House prices, based on data through February, continue to decline, but at a decreasing rate. Excluding distressed sales, we already see modest price appreciation month over month in January and February.
In fact, non-distressed home sale prices, which represent two-thirds of all sales, have appreciated by just over 1.0 percent since the beginning of the year,” said Anand Nallathambi, president and CEO of CoreLogic.
The U.S created only 120k jobs in March after averaging 246k in the previous 3 months.
While in Canada…
Job creation in Canada returned with a bang in March, the best monthly showing in more than three years, with almost all of the employment gains in full-time work.
The data agency said the Canadian labor market added 82,300 net jobs in March, following a small decline in February and months of tepid results. Before March, the Canadian economy had added 17,200 net jobs over the six-month period ended Feb. 29.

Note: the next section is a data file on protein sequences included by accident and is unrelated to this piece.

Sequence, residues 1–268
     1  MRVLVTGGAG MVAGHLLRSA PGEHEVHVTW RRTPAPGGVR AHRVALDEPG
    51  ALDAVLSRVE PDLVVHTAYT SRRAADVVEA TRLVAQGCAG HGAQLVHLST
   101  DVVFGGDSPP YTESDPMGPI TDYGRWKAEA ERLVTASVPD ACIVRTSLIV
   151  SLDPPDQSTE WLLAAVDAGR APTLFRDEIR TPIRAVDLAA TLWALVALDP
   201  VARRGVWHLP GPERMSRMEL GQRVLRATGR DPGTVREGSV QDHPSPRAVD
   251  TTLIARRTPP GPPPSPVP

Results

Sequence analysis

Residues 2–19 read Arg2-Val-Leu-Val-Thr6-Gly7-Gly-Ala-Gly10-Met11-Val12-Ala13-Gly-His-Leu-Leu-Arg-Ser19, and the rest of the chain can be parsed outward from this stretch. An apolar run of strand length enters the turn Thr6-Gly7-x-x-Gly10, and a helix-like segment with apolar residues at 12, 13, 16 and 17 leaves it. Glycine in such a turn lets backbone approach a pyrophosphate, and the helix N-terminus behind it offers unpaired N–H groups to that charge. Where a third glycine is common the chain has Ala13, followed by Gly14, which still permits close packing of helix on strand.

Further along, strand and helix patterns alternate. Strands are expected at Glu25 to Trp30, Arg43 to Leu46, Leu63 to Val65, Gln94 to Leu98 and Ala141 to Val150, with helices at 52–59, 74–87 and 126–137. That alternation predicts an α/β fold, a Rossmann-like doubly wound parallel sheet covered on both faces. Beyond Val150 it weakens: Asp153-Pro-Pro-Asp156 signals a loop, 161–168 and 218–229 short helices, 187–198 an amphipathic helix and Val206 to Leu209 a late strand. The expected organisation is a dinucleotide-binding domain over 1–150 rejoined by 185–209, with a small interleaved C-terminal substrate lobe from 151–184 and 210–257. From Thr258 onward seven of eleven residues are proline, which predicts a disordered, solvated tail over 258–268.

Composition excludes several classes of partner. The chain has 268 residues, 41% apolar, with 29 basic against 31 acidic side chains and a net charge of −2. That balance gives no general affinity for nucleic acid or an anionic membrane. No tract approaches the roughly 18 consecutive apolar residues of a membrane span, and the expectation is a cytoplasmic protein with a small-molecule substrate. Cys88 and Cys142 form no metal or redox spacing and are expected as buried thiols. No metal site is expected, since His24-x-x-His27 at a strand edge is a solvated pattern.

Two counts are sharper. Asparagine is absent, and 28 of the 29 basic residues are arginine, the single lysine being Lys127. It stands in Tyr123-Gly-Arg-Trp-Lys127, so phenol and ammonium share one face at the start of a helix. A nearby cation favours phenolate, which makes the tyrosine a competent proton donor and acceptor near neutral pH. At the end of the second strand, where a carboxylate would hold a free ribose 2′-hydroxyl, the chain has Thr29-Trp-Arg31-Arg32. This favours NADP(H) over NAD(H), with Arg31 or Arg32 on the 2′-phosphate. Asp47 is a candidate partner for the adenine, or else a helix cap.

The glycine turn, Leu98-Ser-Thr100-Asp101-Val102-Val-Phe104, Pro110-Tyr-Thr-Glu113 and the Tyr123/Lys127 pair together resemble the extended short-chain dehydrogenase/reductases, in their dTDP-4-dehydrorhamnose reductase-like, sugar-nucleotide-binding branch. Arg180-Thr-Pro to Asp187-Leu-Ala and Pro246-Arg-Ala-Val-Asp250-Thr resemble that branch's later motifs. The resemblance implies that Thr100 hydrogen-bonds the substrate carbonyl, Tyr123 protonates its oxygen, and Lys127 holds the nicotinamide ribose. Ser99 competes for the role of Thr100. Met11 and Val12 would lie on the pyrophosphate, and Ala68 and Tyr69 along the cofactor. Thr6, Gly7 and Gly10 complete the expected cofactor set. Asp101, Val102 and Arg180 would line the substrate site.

The jobless rate in March fell to 7.2%, matching the recent low hit last September. Meanwhile, 52,500 people joined the labor force—a reversal after data indicated 37,900 Canadians stopped looking for work in the previous month.
The last time the Canadian economy created so much employment in one month was in September 2008, just before the financial crisis, when nearly 85,000 net jobs were added. March’s performance was also the fourth-largest monthly job gain in the past two decades.
Most of the new net jobs, or 70,000, were full-time spots. The private sector added 42,600 net new positions—the biggest monthly increase in eight months—while the public sector posted a net job gain of 20,900 (…)